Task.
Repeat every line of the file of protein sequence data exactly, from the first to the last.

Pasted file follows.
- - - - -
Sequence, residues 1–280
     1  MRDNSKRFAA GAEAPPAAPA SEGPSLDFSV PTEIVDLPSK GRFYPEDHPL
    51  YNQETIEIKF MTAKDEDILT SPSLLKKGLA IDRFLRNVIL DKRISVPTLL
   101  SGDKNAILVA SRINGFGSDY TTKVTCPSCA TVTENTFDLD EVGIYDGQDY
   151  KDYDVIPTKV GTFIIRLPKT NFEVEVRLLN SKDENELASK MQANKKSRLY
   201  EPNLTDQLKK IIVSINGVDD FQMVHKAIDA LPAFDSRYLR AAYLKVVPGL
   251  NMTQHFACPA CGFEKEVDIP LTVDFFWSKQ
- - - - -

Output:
Sequence, residues 1–280
     1  MRDNSKRFAA GAEAPPAAPA SEGPSLDFSV PTEIVDLPSK GRFYPEDHPL
    51  YNQETIEIKF MTAKDEDILT SPSLLKKGLA IDRFLRNVIL DKRISVPTLL
   101  SGDKNAILVA SRINGFGSDY TTKVTCPSCA TVTENTFDLD EVGIYDGQDY
   151  KDYDVIPTKV GTFIIRLPKT NFEVEVRLLN SKDENELASK MQANKKSRLY
   201  EPNLTDQLKK IIVSINGVDD FQMVHKAIDA LPAFDSRYLR AAYLKVVPGL
   251  NMTQHFACPA CGFEKEVDIP LTVDFFWSKQ